J. Atmos. Sci., submitted 2/09.
Suzana J. Camargo
IRI, Lamont-Doherty Earth Observatory of Columbia University, Palisades, NY
Matthew C. Wheeler
Centre for Australian Weather and Climate Research, Melbourne, Australia.
Adam H. Sobel
Department of Applied Physics and Applied Mathematics and Department of Earth and Environmental Sciences, Columbia University, New York, NY.
The modulation of tropical cyclone activity by the Madden-Julian Oscillation
(MJO) is explored using an empirical genesis potential (GP) index. Composite
anomalies of the genesis index associated with the different MJO phases are consistent
with the composite anomalies in TC genesis frequency which occur in the
same phases, indicating that the index captures the changes in the environment
which are at least in part responsible for the genesis frequency changes. Of the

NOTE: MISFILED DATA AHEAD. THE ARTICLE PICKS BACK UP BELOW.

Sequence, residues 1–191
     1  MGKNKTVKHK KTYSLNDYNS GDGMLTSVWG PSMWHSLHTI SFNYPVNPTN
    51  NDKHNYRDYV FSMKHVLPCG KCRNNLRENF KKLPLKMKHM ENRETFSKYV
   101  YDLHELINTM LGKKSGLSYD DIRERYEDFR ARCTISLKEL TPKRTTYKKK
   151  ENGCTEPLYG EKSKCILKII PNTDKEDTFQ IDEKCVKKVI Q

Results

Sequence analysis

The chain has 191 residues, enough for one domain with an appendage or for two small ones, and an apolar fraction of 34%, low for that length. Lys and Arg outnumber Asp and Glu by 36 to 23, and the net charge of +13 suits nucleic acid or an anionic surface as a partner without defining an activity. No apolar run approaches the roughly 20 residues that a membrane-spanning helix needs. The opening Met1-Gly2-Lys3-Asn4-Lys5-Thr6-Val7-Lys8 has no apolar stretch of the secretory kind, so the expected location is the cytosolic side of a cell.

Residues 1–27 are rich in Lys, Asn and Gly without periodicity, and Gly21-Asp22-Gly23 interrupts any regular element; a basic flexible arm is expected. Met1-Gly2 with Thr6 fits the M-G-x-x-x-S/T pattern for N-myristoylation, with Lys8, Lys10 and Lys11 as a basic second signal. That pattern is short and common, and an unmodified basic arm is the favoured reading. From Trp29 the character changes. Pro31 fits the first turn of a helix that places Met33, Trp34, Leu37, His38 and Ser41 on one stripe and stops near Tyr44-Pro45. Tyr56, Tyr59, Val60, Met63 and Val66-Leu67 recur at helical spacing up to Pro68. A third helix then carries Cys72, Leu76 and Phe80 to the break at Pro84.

four environmental variables which enter the genesis potential index, the midlevel
relative humidity makes the largest contribution to the MJO composite GP
anomalies. The second largest contribution comes from the low-level absolute
vorticity, and only very minor contributions come from the vertical wind shear
and potential intensity.
When basin-integrated MJO composite anomalies of the GP index are regressed against basin-integrated composite anomalies of TC genesis frequency, the results differ quantitatively from those obtained from the analogous calculation performed on the annual climatologies in the two quantities. Thus the index captures the MJO variations in genesis frequency to a lesser degree than the climatological annual cycle of genesis (to which it was originally tuned). This may be in part indicative of the importance of precursor disturbances, not well captured in the GP index computed from weekly data, to the intraseasonal TC genesis frequency fluctuations.